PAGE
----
His Excellency Shinzo ABE
Prime Minister of Japan
The Hague, 14 July 2015
During a recent parliamentary session you mentioned that you are frustrated by the lack of progress in the fate of Japanese “kidnapped” by North Korea. You said: “No abduction victims have returned home, but I will maintain the policy of dialogue and pressure”. Abduction is a human rights crime, no different to the conduct of the Imperial Army during World War Two in occupied territories.
You must realize that the victims of the Imperial Army are in their turn extremely frustrated by the lack of any progress in the dialogue between the Foundation of Japanese Honorary Debts and your government’s diplomatic representatives in The Hague.
1. You and your predecessors refuse to acknowledge the receipt of our 247 petitions over a period of 25 years, personally addressed to the Prime Minister of Japan. This impolite and rude attitude astonishes us as the Japanese are generally known for good manners and respect for elderly people. It demonstrates the lack of respect and moral responsibility of the government of Japan to the victims.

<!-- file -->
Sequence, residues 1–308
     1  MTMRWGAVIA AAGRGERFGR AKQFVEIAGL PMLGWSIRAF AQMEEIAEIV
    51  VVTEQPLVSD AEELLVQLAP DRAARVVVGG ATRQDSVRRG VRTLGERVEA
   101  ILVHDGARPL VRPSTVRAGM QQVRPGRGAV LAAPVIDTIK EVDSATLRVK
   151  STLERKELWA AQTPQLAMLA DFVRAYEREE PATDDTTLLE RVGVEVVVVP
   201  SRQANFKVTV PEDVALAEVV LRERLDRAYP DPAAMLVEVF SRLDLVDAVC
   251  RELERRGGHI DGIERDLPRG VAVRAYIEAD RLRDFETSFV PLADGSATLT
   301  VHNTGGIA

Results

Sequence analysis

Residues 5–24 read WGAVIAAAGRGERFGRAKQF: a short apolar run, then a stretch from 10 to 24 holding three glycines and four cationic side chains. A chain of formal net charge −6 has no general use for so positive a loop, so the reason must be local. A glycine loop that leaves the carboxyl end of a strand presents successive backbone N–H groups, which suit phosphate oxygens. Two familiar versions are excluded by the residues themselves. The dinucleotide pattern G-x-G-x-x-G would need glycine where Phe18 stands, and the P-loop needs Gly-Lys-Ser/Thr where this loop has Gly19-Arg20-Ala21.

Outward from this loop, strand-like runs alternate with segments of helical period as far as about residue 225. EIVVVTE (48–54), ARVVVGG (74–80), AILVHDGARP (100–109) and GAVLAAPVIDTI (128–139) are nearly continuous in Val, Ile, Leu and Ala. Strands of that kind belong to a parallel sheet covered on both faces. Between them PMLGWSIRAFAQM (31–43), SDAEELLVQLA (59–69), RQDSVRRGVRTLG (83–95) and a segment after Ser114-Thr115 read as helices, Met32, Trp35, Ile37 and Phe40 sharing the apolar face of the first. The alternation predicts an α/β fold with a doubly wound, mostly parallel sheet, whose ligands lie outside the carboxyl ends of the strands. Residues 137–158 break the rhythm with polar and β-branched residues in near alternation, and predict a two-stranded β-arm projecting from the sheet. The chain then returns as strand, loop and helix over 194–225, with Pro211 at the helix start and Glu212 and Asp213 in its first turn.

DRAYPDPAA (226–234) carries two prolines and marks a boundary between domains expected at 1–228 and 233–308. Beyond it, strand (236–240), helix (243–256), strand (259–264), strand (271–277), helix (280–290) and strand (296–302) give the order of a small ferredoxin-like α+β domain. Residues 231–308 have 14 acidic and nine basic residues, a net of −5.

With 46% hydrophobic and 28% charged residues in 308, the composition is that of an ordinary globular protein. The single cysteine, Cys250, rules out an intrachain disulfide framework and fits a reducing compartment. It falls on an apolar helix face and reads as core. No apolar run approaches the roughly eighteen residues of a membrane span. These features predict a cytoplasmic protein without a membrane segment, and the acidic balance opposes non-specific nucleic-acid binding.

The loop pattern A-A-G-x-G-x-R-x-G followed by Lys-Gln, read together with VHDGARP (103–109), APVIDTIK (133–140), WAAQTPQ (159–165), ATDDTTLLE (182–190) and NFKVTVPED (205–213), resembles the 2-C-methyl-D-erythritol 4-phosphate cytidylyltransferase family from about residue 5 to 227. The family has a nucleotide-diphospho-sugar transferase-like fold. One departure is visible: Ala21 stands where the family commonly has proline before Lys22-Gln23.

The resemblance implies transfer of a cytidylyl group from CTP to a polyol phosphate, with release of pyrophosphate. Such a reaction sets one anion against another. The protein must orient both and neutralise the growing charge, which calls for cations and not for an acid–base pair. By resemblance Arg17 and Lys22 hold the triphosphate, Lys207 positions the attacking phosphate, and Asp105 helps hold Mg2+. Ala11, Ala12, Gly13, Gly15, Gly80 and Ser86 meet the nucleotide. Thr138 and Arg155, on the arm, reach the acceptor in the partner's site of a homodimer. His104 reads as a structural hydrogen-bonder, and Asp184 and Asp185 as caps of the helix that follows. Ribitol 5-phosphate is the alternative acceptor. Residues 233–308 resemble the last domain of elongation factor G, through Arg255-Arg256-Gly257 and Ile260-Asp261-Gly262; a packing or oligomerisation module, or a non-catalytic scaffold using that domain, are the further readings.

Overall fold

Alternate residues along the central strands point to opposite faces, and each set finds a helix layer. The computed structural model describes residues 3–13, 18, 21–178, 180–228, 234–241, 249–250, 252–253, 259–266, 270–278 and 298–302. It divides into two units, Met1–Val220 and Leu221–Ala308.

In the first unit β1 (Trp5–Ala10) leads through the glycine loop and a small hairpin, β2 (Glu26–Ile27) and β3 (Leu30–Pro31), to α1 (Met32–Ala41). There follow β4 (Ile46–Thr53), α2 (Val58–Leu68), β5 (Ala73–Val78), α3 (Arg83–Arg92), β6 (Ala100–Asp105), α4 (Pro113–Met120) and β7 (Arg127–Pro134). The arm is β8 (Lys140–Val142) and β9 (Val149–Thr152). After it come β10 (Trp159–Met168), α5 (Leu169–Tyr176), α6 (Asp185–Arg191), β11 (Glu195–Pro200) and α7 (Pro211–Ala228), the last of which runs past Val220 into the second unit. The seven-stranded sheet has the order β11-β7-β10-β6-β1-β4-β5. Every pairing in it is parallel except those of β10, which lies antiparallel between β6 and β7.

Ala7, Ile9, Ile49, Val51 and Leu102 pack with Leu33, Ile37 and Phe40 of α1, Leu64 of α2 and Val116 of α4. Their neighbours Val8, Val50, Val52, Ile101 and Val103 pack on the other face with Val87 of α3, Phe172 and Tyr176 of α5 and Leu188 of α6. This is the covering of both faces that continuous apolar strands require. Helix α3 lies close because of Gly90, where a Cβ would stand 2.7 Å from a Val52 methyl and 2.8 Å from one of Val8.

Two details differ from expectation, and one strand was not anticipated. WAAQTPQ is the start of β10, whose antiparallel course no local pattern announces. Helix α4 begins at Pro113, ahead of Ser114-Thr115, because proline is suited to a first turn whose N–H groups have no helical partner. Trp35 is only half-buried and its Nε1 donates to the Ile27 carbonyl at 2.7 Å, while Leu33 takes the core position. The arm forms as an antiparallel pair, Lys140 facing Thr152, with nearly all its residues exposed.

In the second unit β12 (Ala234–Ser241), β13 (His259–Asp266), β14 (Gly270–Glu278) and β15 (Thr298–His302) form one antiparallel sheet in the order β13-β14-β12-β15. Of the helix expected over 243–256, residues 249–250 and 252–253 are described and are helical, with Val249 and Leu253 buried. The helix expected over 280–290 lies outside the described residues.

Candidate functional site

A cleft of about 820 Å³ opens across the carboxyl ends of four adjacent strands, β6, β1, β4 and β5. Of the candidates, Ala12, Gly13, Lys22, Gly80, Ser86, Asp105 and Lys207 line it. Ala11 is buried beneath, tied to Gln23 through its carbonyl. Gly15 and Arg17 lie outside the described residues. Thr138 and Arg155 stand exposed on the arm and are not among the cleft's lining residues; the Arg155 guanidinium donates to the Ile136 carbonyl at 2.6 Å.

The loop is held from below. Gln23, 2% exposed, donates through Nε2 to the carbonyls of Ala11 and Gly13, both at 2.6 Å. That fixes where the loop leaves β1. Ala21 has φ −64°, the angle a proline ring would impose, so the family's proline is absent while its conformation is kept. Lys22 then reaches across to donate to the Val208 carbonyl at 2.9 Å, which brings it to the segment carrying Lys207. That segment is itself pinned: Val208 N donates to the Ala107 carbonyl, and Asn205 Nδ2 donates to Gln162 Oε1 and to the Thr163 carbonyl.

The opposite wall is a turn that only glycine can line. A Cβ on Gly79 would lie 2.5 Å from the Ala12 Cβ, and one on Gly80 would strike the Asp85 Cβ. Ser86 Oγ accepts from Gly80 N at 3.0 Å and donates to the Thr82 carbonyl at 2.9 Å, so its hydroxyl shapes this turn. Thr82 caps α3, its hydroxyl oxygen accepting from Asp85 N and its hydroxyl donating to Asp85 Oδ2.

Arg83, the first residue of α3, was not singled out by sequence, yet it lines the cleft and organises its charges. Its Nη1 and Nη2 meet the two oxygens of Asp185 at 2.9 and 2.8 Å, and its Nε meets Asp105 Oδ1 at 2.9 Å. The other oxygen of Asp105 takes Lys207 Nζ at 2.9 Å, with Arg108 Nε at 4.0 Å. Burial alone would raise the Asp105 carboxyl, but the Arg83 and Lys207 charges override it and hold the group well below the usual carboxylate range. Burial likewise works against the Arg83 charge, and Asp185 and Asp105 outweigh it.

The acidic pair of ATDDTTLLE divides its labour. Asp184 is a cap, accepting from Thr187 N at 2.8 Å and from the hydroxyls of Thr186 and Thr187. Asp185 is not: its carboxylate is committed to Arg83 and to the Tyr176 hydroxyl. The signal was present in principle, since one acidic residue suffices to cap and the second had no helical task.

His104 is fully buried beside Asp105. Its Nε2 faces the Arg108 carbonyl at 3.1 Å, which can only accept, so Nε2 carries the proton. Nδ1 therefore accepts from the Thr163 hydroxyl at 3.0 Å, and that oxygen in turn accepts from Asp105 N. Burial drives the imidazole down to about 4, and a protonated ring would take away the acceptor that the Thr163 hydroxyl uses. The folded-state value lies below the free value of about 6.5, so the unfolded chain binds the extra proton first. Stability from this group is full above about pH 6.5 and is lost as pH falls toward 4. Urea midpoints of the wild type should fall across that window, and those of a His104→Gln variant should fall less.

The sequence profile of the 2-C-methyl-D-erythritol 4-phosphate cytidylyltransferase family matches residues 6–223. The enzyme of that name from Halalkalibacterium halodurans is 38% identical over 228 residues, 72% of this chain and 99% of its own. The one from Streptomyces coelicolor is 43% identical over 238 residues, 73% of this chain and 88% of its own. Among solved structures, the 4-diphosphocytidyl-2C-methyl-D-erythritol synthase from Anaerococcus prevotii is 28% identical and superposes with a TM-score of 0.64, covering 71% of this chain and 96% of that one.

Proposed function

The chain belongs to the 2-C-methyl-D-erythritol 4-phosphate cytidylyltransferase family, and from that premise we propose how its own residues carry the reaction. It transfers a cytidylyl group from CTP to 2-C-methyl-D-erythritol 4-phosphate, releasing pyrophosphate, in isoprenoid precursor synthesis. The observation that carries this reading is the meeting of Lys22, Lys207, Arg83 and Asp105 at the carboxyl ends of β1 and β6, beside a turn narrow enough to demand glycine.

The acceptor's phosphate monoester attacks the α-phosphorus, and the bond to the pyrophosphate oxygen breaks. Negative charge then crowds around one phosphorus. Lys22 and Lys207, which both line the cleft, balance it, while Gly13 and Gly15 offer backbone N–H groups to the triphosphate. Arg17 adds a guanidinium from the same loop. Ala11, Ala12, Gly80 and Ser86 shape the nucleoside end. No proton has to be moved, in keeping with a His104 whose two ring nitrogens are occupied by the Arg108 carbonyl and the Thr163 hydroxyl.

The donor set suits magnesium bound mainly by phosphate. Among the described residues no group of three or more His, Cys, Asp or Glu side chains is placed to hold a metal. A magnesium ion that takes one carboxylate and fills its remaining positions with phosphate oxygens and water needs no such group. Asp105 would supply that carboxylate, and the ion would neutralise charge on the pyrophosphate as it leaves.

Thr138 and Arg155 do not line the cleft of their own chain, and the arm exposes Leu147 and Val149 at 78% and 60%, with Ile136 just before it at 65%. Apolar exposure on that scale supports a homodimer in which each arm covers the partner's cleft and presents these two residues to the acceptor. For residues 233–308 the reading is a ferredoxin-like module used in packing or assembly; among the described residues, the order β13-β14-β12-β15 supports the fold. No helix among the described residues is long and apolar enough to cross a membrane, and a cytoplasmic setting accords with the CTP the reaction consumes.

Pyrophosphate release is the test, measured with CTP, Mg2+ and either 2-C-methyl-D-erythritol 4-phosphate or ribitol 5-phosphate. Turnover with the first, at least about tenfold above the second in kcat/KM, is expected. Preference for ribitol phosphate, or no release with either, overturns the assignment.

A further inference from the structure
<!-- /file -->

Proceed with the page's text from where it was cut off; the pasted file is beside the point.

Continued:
2. Despite global objections you personally continue to glorify and pay respect to convicted war criminals,
3. You continue to question the validity of statements by your predecessor and according to media reports you intend to dilute these statements on behalf of Japan in a personal review.
The forthcoming 70th anniversary of the end of World War Two is the opportune moment to end our frustrations and to demonstrate that our dialogue is meaningful. The victims of the Imperial Army organized in the Foundation Japanese Honorary Debts, demand respect and acknowledgement of the moral responsibility of Japan for the conduct of the Imperial Army during World War Two in the Dutch East Indies.
We look forward to a meaningful dialogue and reconciliation as a result of your address at the 70th anniversary of Japan’s capitulation on 15th August 1945 and acknowledgement of this petition.
On behalf of the Foundation of Japanese Honorary Debts.
J.F. van Wagtendonk